2. Yo said on June 3, 2016 at 1:44 pm

    Excuse the intrusion :) Are there any updates for privacy concerns for 46.0.1?
    I found these settings to be intrusive?
    Could you please confirm in FF 46.0.1

    Under the setting “media.getusermedia.screensharing.allowed_domains” is this configuration?,*,,*,,*,*,,,,*,,*,,*,*,*,*.sso.infra.ftgroup,*,*,,,*,,*,*,,*,*,,*,*,,,,*,,*,*,*,*,,*,,,*,*,*,*,*,* …(SNIPPED FOR BREVITY!)

    camera.control.face_detection.enabled IS SET TO TRUE?


    Thank you

    1. Martin Brinkmann said on June 3, 2016 at 2:09 pm

      media.getusermedia.screensharing.allowed_domains has been implemented in Firefox 33 and is used for WebRTC screensharing. See:

      Suggestion: replace with blank string

      camera.control.face_detection.enabled used by the face detection api.

      Suggestion: Set to false

      I have not researched the two other yet, maybe Pants can chime in.

  3. David said on June 3, 2016 at 2:01 am

    The upgrade has been great (aside from one bug on a possible conflict with NoScript, which has been reported). The ability to switch tabs with the dropdown menu instead of switching to the group management window and then back really makes context switching smoother and simpler.

    As for those who wonder why people need lots of tabs open: That’s for those who need lots of cross-referencing. For example, a dozen wiki articles open that I use to update information in spreadsheets that various people use, or an ongoing forum discussion that requires tracking what people have said, or information gathered, in a dozen different posts. Or, if I’m programming, I might be researching which algorithm to use for a process that involves a half-dozen research papers and a dozen websites, to let me work through the pros and cons of each variant. Or debugging might involve lots of different reports, and you’re trying to pin down what the common issue is. Or it might be some stuff that I know I need to get back to, but can’t get done right this moment.

    And when all of those can be going on at the same time, tab groups lets you focus on just one project at a time so that you don’t get overloaded trying to find what you were just looking at.

    As for why tab groups instead of windows, that would be because tab groups are so much easier to navigate. The windows that display in the task bar can often get rearranged between restarts of the browser, and all they show is the active tab for the window (unless you want to see a bazillian instances where it shows every single tab individually). Now I can just hit the dropdown and look for the “Bugs” tab group and get on with things without any hassle. (And it doesn’t mean I can’t still have multiple windows open; I have a window that’s more work-focused, and another that’s more personal-focused, and then groups within each of those.)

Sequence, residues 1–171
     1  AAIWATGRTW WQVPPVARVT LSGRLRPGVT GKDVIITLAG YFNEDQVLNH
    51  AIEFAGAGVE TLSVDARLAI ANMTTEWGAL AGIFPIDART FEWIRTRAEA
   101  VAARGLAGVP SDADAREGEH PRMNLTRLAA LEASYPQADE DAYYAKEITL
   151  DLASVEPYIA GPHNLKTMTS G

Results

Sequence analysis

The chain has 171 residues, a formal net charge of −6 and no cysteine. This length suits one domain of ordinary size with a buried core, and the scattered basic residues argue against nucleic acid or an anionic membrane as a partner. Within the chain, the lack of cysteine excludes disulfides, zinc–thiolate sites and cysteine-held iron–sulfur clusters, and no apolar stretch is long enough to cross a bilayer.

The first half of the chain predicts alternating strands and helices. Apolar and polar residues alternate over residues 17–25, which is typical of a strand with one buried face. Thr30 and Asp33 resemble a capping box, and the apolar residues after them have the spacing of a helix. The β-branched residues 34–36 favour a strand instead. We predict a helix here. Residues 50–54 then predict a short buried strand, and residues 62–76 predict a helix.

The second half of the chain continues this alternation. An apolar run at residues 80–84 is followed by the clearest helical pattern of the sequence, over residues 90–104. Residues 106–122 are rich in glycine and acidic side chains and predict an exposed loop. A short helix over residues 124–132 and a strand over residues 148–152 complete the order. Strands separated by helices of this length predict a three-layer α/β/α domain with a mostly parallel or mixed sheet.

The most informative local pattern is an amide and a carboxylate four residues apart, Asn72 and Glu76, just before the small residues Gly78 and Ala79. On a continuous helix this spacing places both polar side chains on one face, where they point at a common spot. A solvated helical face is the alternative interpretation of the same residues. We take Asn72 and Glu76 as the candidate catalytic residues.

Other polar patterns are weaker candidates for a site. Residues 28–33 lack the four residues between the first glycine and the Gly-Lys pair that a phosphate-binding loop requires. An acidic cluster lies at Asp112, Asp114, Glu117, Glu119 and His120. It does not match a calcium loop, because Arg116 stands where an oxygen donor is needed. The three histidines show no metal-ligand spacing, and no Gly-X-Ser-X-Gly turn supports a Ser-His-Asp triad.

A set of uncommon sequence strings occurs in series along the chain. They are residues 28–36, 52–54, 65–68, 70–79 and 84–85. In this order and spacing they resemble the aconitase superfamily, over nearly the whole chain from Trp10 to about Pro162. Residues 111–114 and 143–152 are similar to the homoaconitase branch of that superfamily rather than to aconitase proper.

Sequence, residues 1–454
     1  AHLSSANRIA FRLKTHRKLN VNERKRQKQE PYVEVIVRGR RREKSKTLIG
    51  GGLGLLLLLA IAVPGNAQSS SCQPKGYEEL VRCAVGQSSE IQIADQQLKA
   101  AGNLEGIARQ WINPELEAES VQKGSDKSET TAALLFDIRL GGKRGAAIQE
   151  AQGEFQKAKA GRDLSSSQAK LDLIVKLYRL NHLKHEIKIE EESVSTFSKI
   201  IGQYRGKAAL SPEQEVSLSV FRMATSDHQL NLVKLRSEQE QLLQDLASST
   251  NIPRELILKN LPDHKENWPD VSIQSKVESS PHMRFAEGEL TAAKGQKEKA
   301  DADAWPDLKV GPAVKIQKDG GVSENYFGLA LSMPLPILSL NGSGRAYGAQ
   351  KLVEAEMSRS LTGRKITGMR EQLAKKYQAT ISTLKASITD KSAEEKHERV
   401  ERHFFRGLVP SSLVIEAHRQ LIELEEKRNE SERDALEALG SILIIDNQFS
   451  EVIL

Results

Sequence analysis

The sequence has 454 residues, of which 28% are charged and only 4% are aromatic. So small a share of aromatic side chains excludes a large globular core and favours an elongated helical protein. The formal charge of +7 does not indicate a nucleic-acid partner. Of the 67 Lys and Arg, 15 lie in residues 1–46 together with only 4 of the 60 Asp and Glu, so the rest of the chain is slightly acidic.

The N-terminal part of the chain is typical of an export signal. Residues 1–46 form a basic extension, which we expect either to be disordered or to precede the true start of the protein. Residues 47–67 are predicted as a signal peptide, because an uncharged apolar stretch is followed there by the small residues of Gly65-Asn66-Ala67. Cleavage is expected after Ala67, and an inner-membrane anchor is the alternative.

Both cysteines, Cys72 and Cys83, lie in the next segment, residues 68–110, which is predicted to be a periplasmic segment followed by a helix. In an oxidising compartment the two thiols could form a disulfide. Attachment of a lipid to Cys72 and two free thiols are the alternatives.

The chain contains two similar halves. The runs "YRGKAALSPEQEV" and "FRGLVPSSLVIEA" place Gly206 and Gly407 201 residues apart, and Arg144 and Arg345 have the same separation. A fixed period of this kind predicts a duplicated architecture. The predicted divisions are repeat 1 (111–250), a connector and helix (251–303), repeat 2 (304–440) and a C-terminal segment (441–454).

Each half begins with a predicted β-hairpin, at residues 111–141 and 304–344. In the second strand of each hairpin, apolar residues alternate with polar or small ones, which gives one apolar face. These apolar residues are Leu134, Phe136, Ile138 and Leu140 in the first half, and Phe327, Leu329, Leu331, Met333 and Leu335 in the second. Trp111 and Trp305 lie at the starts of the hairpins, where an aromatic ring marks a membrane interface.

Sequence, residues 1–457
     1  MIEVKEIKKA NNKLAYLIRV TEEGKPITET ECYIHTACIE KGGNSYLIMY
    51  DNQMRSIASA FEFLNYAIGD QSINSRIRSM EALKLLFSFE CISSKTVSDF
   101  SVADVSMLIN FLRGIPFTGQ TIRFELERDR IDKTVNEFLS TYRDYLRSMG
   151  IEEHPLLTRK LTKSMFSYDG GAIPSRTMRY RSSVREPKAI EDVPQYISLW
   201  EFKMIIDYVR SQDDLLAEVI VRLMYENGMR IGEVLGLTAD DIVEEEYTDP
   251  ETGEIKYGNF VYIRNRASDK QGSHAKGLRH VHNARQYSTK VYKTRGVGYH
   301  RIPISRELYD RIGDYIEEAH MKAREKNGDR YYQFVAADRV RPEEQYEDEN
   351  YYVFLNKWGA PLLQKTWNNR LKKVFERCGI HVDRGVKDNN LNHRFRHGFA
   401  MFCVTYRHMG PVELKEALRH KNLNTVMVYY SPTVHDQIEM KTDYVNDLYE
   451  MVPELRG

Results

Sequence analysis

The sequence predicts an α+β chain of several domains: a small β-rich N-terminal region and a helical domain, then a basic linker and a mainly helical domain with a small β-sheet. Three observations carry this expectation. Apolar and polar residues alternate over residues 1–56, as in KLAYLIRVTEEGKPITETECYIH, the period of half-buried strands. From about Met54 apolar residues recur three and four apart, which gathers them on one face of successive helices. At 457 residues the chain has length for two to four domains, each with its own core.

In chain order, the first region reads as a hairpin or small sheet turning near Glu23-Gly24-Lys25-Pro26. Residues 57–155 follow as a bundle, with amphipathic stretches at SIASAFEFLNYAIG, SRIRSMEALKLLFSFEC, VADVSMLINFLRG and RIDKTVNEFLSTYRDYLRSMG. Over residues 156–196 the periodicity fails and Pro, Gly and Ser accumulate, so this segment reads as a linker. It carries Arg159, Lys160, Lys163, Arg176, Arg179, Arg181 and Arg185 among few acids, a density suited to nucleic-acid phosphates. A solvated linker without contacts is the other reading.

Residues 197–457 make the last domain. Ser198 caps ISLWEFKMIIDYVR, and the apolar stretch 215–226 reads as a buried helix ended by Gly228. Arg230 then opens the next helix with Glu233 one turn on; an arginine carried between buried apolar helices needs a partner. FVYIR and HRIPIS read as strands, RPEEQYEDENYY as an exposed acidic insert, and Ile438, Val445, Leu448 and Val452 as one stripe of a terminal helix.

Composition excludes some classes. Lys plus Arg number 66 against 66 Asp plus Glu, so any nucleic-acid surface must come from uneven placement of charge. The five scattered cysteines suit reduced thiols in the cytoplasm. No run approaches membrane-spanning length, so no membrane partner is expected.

As much as Mozilla did an awful job with tab groups, this addon has been a massive improvement, picking up features that have been needed for years.

  4. archie said on June 2, 2016 at 8:30 pm

    I would miss tab groups if they were to go. While I try to concentrate on one topic at a time, I need to be able to switch rapidly, as my my mind wanders. When I have an idea, a question on a topic I have been interested in in the past days, I appreciate having all my tabs on the matter where I left them the day before or several weks ago.
    In conjunction with a session restore addon, this makes Firefox my browser of choice.
    As for performance, 100+ tab in about twenty groups do have an effect, but that’s mainly on startup. And I have numerous extension, which makes it hard to determine which does what. While browsing, I can’t see a difference with a fresh profile.
    The extension has worked for me without a glitch in both release and nightly FF channels. It is one of those tools that provide constant and valuable service, day after day.
    Currently contemplating how people could ask what good tab groups are. They must still have some imagination or at least be able to somewhat relate. Or aren’t they ?

  5. Antonio said on June 2, 2016 at 7:12 pm